The yo-yo in its simplest form is an object consisting of an axle connecting two disks, and a length of twine (usually called a string) looped around the axle. It is played by holding the free end of the string typically by inserting one finger in a loop) allowing gravity or the force of a throw to spin the yo-yo and unwind the string, then allowing the spin of the yo-yo to wind itself back to one's hand.
The craze for spinning and dangling a yo-yo from the end of a length of string was in full swing in the late 1950s. Our school yard was full of exponents of this new toy, playing competitively with their yo-yos (if you can excuse the pun) and surrounded by groups that varied in number according to the dexterity of the individual players.
Yo-yos were flying in and out horizontally on their cords, up to a typical five hundred attempted times, or upwards vertically for a few times (being a much more difficult feat to accomplish repeatedly), and even crawling along the ground – known as “Walking the Dog” - or between arms and hands where the player was especially skilled and in tune with his yo-yo.
Typically, I would play with my bright red yo-yo at every spare moment in my bedroom, bouncing it up and down, in and out with self-absorbed concentration; unfortunately, when fully extended, it reached the ceiling and soon left a lot of bruise marks on the white painted surface. It did not occur to anyone that the yo-yo might prove to be an effective martial arts weapon, but I had been tempted once or twice to lob it at someone’s unwary head when they annoyed me.
Of course, this type of skill pales in comparison with the modern craze for skate boarding, but in those days there was nothing that really compared with it. That is, apart from the hula hoop, which is a fairly rigid and large plastic-covered hoop that is twirled around the waist, limbs or neck, but this sport was typically in the domain of the fairer sex and never really took off with us boys.
To help hide the marks on the ceiling, which began to puzzle my mother, I started assembling plastic fighter planes from the first and second World Wars, buying as many Airfix kits as I could afford without dipping into my bicycle fund; these were then attached by sewing thread from the ceiling, using drawing pins to make the connection and hide the original yo-yo marks.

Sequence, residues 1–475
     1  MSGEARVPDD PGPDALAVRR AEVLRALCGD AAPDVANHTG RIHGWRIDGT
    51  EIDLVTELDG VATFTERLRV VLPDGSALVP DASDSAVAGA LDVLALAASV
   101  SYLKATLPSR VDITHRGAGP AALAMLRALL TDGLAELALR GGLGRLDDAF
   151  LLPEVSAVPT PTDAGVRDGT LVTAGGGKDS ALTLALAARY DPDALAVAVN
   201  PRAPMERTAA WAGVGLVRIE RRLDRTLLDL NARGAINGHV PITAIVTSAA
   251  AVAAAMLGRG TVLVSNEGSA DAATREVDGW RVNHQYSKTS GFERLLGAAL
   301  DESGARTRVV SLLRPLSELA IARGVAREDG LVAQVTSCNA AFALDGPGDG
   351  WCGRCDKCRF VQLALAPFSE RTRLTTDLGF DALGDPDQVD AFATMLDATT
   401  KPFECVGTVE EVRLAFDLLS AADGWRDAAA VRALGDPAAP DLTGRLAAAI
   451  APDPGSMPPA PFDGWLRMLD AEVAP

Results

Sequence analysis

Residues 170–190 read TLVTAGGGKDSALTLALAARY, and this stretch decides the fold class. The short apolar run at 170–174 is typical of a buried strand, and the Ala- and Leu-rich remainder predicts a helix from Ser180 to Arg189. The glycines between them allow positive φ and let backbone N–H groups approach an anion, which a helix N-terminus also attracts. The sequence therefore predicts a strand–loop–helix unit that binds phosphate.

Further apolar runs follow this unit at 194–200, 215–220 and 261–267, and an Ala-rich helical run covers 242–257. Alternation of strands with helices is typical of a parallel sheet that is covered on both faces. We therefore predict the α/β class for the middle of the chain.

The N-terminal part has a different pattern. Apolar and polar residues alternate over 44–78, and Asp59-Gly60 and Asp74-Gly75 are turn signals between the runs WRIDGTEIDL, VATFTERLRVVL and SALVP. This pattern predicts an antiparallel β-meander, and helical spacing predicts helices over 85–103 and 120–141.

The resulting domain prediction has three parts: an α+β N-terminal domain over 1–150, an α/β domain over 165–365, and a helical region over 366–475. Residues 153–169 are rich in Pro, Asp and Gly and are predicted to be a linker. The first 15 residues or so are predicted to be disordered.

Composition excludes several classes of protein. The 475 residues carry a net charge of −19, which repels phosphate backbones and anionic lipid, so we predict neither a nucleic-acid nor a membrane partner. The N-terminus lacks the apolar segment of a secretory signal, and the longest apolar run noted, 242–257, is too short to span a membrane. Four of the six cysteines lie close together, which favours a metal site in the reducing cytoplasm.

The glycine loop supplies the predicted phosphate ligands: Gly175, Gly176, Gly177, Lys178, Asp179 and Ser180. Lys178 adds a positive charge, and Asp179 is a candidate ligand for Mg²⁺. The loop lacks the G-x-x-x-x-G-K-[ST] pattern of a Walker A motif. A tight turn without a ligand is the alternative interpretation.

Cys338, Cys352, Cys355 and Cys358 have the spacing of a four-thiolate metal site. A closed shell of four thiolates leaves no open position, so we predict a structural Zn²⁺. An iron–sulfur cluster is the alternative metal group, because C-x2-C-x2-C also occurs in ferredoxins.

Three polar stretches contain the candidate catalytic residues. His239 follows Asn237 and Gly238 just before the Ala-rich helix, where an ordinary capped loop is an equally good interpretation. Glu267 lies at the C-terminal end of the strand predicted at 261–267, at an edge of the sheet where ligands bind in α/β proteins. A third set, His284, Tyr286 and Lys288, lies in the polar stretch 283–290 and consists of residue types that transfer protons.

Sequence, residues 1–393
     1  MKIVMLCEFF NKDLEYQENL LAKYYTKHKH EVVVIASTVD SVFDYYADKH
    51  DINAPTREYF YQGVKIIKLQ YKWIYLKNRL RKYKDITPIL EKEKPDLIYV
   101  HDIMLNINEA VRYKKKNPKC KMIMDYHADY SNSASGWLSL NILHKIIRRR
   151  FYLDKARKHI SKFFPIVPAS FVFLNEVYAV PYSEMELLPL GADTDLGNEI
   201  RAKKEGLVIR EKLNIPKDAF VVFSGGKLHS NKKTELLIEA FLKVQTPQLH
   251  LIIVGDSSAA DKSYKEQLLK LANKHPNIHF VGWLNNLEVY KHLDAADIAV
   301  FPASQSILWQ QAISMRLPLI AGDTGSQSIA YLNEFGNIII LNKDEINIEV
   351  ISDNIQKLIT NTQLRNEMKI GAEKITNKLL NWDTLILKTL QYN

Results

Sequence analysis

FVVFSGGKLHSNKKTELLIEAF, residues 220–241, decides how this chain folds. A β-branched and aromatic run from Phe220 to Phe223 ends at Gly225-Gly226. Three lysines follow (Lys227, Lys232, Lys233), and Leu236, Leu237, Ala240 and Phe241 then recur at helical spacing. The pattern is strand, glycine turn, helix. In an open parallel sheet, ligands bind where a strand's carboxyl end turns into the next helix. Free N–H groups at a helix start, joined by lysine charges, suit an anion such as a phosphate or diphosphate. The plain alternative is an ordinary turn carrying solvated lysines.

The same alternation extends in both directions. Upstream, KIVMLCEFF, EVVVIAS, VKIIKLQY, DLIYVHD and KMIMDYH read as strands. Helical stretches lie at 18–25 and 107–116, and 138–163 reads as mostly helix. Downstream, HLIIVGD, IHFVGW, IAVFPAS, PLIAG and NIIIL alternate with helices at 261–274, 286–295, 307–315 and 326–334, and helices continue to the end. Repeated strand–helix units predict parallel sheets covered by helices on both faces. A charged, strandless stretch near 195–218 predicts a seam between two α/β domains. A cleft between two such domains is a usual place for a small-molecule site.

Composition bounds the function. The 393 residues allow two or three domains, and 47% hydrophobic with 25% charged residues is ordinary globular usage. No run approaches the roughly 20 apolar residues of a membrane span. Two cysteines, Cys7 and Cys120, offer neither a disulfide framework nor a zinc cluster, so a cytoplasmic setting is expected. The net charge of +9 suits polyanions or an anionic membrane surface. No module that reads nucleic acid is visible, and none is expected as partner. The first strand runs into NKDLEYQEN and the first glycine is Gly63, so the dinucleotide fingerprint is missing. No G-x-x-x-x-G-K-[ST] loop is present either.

My collection of model aircraft soon became impressive, ranging from the pretty Sopwith Camels, to Baron Von Richthofen’s triplane, the legendary Spitfires and Hurricanes, to their German counterparts, the Messerschmitt fighters and Stuka dive bombers. The smell of the glue provided was also intoxicating, and I developed a fondness for it that has spanned the years.
I then decided that I wanted to build a model aircraft that could fly, and bought a much larger kit that used a rubber band which would be attached to a propeller. Rotating the propeller wound the rubber band tightly; releasing it made the propeller whirl at high speed, and we would have lift-off.
For weeks I laboured over this primitive aircraft, sniffily gluing together the balsa wood frames of the fuselage and wings, spreading the provided tissue paper over the skeletal joints and coating it with dope it until this flimsy covering stiffened and hardened.
Finally, one balmy summer’s day, I felt that it was ready for its maiden flight; winding the rubber band by turning the propeller, I achieved maximum torsion. Aiming the little beauty at our field, with the railway embankment in the distance, I launched it into the blue horizon.
It was a marvel to behold, as it flew in a straight line ever upwards. Across the field it went, with me in hot pursuit, and disappeared over the tracks. I never saw it again, and felt devastated.